[News analysis] Is N. Korea upping the ante in a bid for Biden’s attention?

Posted on : 2022-01-21 16:45 KST Modified on : 2022-01-21 17:04 KST
Kim Jong-un’s latest brandishing of the nuclear threat can be read as putting the ball in the US’ court
North Korea’s Rodong Sinmun newspaper devoted front-page coverage on Thursday to a meeting of the Politburo of the Central Committee of the Workers’ Party of Korea, presided over by leader Kim Jong-un, where the bureau reportedly “gave an instruction to a sector concerned to reconsider” the matter of ICBM and nuclear tests. (KCNA/Yonhap News)
North Korea’s Rodong Sinmun newspaper devoted front-page coverage on Thursday to a meeting of the Politburo of the Central Committee of the Workers’ Party of Korea, presided over by leader Kim Jong-un, where the bureau reportedly “gave an instruction to a sector concerned to reconsider” the matter of ICBM and nuclear tests. (KCNA/Yonhap News)

North Korean leader Kim Jong-un has indicated he will halt the North’s moratorium on testing nuclear weapons and intercontinental ballistic missiles. It has been three years and nine months since Kim promised a moratorium on such tests at his Singapore summit with former US President Donald Trump on June 12, 2018.

Kim announced the suspension of these tests in a plenary session of the 7th Central Committee of the ruling Workers’ Party of Korea (WPK) on April 20, 2018, when the WPK opted to conclude its “two-track” pursuit of the economy and nuclear weapons development in order to focus its energy on the construction of a socialist economy.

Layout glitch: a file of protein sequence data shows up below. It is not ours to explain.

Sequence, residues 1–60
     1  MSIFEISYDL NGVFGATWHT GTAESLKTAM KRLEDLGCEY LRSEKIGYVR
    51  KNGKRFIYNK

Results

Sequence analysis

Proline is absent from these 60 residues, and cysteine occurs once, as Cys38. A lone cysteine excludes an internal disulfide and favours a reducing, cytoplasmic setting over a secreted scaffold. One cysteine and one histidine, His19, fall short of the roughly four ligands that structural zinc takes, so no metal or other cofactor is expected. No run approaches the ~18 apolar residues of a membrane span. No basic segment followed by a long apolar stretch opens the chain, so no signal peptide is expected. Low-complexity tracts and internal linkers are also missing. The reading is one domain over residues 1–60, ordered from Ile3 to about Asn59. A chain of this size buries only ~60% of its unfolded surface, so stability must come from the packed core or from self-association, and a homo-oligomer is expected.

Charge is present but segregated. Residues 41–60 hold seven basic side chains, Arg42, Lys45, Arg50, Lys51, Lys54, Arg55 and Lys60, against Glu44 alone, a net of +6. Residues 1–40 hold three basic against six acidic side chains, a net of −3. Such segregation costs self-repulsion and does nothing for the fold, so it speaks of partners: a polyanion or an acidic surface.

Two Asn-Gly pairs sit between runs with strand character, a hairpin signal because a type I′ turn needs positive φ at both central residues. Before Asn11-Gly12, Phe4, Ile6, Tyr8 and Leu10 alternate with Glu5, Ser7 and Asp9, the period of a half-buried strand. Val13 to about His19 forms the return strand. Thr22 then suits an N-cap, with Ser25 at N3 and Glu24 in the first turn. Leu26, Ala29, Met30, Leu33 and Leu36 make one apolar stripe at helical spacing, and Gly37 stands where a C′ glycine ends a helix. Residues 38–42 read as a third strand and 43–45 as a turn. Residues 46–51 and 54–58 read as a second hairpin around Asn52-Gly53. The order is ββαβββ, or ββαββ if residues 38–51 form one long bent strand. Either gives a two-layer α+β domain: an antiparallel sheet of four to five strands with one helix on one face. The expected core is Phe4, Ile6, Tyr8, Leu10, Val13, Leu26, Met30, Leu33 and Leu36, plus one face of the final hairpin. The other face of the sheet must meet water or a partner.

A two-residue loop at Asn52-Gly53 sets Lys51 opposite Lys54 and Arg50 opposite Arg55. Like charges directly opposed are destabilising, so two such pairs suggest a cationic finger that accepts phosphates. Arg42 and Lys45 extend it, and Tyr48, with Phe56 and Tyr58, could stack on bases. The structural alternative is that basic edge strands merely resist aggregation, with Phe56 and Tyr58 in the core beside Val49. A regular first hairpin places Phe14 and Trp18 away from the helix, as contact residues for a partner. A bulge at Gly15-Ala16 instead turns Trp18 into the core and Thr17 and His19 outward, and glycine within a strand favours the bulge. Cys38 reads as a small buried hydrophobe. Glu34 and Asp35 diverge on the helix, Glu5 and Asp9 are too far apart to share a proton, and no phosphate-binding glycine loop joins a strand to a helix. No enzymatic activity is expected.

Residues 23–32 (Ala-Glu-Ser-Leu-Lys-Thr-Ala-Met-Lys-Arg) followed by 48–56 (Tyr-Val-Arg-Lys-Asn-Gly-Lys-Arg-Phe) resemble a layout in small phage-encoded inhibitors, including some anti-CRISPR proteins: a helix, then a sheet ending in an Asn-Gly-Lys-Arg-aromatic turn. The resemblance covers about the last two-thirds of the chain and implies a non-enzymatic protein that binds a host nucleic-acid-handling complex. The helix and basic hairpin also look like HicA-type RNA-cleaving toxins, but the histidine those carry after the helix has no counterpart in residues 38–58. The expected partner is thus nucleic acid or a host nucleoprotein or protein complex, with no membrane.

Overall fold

This latest indication amounts to a warning that the North’s US policy could shift from seeking negotiations to a head-on confrontation. The warning came on the first anniversary of Joe Biden’s inauguration as US president.

North Korea is pushing the US to choose either proactive negotiations or a confrontation and clash since the North is no longer willing to endure the deadlock in Korean Peninsula affairs that has continued for nearly three years since the breakdown of talks at the second North Korea-US summit in Hanoi in February 2019.

The move also represents the North’s attempt to shore up public sentiment, which has been shaken by the protracted challenges of sanctions, the COVID-19 pandemic and economic troubles.

The Korean Peninsula has reached a major crossroads.

The crucial question is how the US will react, but Biden didn’t mention “North Korea” even once in a 111-minute press conference marking his first year in office. That’s proof that North Korea isn’t a priority for Washington, which is preoccupied with internal and external challenges including extreme factional conflict nearing the level of a civil war, a huge wave of Omicron infections, strategic competition with China, and the Ukraine crisis.

North Korea’s state-run Korea Central News Agency reported on Thursday that leader Kim Jong-un presided over a meeting of the Politburo of the Central Committee of the Workers’ Party of Korea, where responses to the US were discussed. (KCNA/Yonhap News)
North Korea’s state-run Korea Central News Agency reported on Thursday that leader Kim Jong-un presided over a meeting of the Politburo of the Central Committee of the Workers’ Party of Korea, where responses to the US were discussed. (KCNA/Yonhap News)